There are two different styles of kuglof in Croatia.

In northern regions, it’s enriched with raisins and walnuts. In the south of Croatia, kuglof is made with candied lemon, orange zest, almonds and/or figs.

While the cake itself dates back to medieval times, the modern-day bundt pan was invented in 1949 in Minneapolis.

15) Paprenjaci (Black pepper cookies)

Who would think you’d put pepper into cookies! Papar means pepper in Croatia, and paprenjaci (black pepper biscuits) are named after the pepper that’s added to the baking mixture.

Besides pepper, other main ingredients in paprenjaci are walnuts, sugar, honey and cinnamon. For decoration, chefs imprint them with interesting designs like leaves, hearts and crosses.

These traditional Croatian biscuits are typically made for the Christmas season.

26) Dalmatian smokvenjak (Croatian fig cake)

Figs are an integral and traditional part of the Dalmatian diet; they’re often used in Croatian baking. And one of the most famous desserts from Croatia is smokvenjak, made with dried figs.

This fig cake calls for jam, fruit brandy, almonds and, of course, figs in the recipe. And that’s it!

Think of the modern-day energy bar. The texture and taste of this round cake is similar (though I’d argue much more scrumptious).

Smokvenjak is typically served as one of the Easter sweets and during the Christmas season, accompanied by an aperitif. And it can last for weeks (unlike some of the other fresh cakes from Croatia covered here).

2) Kremsnita (Vanilla custard cake)

Vanilla custard cake (or in Croatian, kremsnita) is a delicious sweet made of puff pastry (sometimes layers of puff pastry) and a whipped egg cream filling, dusted with icing sugar on top.

The most popular kremsnita comes from the charming small town of Samobor, about 15 miles from the Croatian capital of Zagreb.

There, you can try a true custard cream cake, properly served slightly warm. The sweet creamy goodness is to die for!

Other delicious Croatian sweets

I’m not finished yet. There are still more sweet Croatian snacks and desserts to tempt you!

27) Fritule (Croatian fritters)

Mostly prepared in Istria and Dalmatia, fritule are small and deliciously sweet fried fritters, tasting somewhat like doughnuts.

They can have raisins in the dough. Or be dusted with sugar. Or maybe even filled with jam, apple sauce or chocolate.

Whatever, crunchy on the outside and soft and chewy on the inside, they’re one of the most popular Croatian sweets.

Oh, and since they’re small, you can take them as a snack while you’re wandering through the streets of the teeny medieval village of Trogir (nicknamed “Little Venice”) or other places in Dalmatia and Istria. Perfect, right?

Éclair Cake Ingredients

These are the ingredients you’ll need to make this decadent éclair cake recipe:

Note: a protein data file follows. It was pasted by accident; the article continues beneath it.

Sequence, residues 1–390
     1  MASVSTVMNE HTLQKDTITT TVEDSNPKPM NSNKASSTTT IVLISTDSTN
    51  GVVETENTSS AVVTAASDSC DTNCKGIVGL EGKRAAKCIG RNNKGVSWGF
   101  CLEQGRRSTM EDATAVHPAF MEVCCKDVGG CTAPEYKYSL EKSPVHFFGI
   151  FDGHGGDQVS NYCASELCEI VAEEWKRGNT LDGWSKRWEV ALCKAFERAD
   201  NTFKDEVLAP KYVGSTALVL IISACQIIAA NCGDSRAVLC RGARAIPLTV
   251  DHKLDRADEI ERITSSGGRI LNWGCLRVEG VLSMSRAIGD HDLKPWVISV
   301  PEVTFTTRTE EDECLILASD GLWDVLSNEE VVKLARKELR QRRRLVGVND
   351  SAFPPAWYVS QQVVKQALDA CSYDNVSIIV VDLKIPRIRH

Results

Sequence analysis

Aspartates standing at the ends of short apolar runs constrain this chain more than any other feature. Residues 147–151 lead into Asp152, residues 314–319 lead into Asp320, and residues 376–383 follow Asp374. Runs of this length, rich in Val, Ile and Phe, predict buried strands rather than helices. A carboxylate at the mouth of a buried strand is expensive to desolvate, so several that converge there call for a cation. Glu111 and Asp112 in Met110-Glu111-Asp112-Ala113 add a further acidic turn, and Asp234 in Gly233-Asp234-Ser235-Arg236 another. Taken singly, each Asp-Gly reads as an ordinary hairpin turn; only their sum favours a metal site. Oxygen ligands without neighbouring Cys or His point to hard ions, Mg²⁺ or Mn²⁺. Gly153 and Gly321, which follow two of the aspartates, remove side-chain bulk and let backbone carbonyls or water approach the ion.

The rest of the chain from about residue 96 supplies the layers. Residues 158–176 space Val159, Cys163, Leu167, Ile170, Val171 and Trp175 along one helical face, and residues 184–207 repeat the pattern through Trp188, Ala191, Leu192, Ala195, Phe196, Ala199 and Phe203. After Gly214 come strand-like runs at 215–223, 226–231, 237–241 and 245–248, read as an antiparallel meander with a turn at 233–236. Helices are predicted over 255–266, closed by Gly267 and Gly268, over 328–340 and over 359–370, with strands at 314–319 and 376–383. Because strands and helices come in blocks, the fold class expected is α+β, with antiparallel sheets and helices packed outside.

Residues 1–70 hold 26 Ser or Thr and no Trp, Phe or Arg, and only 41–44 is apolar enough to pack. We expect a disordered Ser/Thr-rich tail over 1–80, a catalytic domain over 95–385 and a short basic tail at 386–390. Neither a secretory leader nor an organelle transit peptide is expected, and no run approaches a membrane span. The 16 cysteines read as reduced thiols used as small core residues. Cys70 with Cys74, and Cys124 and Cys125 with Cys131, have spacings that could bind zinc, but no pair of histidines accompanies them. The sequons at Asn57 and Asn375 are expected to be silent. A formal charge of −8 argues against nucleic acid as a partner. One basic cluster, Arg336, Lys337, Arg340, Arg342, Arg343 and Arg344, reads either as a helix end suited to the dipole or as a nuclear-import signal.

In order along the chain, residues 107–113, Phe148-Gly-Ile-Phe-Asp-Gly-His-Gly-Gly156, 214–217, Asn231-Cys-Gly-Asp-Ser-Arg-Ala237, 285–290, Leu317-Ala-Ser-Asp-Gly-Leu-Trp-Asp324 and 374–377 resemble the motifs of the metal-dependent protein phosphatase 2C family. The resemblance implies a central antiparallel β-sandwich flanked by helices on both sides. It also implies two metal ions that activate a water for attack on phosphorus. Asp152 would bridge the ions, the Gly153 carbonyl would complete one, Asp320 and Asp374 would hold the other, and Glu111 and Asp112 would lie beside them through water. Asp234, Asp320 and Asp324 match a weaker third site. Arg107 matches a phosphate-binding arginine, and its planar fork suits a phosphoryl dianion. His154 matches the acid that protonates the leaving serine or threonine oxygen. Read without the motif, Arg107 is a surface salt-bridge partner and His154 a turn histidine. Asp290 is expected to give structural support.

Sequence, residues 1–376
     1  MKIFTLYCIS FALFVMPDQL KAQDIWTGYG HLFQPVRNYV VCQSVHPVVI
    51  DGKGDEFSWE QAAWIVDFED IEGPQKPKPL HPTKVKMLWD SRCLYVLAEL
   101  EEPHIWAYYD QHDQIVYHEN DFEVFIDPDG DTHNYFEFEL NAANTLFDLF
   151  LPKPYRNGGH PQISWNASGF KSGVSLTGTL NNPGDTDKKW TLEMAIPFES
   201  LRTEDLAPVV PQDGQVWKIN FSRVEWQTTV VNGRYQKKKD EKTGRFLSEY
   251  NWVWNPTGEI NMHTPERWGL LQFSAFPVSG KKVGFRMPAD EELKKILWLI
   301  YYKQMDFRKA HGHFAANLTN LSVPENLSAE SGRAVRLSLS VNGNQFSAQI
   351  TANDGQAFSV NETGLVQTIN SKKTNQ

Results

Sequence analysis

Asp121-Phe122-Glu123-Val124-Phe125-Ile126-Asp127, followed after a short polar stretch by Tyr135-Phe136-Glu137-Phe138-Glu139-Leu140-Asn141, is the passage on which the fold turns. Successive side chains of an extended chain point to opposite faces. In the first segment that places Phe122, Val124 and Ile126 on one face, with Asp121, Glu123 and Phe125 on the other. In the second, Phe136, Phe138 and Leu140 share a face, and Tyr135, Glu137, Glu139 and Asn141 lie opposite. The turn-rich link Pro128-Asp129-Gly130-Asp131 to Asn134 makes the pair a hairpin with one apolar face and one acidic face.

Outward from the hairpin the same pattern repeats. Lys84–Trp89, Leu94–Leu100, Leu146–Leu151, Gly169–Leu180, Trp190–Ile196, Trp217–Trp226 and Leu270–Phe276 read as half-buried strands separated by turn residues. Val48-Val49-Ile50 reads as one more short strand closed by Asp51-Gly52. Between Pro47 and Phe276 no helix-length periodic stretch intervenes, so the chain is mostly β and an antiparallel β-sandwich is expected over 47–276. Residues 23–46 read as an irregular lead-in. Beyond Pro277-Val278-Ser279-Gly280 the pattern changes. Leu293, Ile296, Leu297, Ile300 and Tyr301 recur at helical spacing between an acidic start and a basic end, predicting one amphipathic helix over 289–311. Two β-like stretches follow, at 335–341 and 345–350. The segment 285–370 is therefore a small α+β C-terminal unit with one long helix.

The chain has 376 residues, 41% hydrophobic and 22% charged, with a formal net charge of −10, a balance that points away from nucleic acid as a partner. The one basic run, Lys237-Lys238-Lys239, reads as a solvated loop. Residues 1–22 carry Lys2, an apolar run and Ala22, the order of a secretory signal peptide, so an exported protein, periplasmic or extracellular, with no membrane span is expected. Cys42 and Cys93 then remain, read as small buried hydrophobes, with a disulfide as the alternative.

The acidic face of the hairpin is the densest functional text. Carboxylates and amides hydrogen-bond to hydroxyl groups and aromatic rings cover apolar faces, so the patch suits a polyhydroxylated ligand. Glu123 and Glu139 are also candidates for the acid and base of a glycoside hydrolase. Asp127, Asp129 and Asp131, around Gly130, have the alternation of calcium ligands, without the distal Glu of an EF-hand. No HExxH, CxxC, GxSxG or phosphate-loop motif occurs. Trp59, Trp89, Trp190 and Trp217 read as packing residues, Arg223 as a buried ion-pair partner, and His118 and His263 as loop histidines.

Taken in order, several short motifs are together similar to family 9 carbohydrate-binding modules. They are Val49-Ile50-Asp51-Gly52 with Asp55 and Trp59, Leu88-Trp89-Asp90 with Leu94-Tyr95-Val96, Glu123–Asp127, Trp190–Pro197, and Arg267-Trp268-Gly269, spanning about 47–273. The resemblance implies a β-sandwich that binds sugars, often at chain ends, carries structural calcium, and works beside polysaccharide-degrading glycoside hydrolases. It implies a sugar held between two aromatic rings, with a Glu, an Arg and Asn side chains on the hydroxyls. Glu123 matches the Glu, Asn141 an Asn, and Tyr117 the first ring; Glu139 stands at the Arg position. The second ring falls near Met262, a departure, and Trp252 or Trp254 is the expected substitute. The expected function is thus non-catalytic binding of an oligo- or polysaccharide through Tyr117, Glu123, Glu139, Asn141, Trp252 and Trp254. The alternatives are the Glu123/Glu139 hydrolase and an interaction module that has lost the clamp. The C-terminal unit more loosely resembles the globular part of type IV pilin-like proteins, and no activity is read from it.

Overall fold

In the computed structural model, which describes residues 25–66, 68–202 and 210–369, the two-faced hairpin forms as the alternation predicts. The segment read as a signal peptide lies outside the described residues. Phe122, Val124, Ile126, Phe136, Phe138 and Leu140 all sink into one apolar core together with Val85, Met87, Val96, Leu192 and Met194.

• Milk: This rich and creamy eclair cake starts with three cups of milk.
  • Whipped topping and pudding mix: A container of frozen whipped topping and two packages of instant vanilla pudding mix are the convenient secret ingredients.
  • Graham crackers: Layers of graham crackers break up the creamy layers with welcome crunch.
  • Chocolate frosting: The recipe calls for a package of chocolate frosting, but you can make homemade frosting if you want to go the extra mile.

9) Rapska torta (Rab cake)

Legend has it that when Pope Alexander III consecrated the cathedral on the island of Rab in 1177, he was served this cake. It was baked by the nuns from the Monastery of St Andrew on the island.

And I’m going to let you in on a secret. The original recipe for Rapska torta (or Rab cake) is written in calligraphy and still kept in the monastery.

That doesn’t matter though. Because while there is a recipe, there are no measurements for its ingredients.

And therein lies its beauty, say the local people. Each time the cake is made, it tastes just a little bit different.

Baked in a spiral on top of a thin crispy pie crust, this beautiful Croatian dessert has a marzipan-like filling of almonds, maraschino liqueur, lemons and oranges.

22) Zagorje’s zlevanka (Sweet cheese cornbread)

The Zagorje region in northern Croatia is a bucolic place of forests, rolling green hills, vineyards, fairytale castles and picturesque villages. The capital of Zagreb is found in Zagorje.

The region is also known for some of the best traditional dishes of Croatia.

One favorite sweet dish is zlevanka. The basic ingredients in this traditional dessert are corn grits and fresh cheese. Sometimes grated apple is added to the batter.

Zlevanka tastes a little like “cornbread meets cheesecake.” Even though it’s a simple dessert, it’s one of the tastiest.

24) Plum Dumplings

But who says that we can’t eat them as the main course? It’s true. Sometimes vegetarians eat these dumplings as the main course.

The soft dough is made from mashed potatoes and filled with fresh plums. The dumplings are then boiled and once cooked, rolled in sweetened fried breadcrumbs.

Just imagine getting a mouthful of warm dumpling with melted plum and crispy crumbs. I bet you’d be tempted to skip the main for dinner and go straight to these plum dumplings too!

29) Medimurska gibanica (Croatian strudel)

This is probably the most unique dessert that we’ll talk about here because it combines so many different ingredients.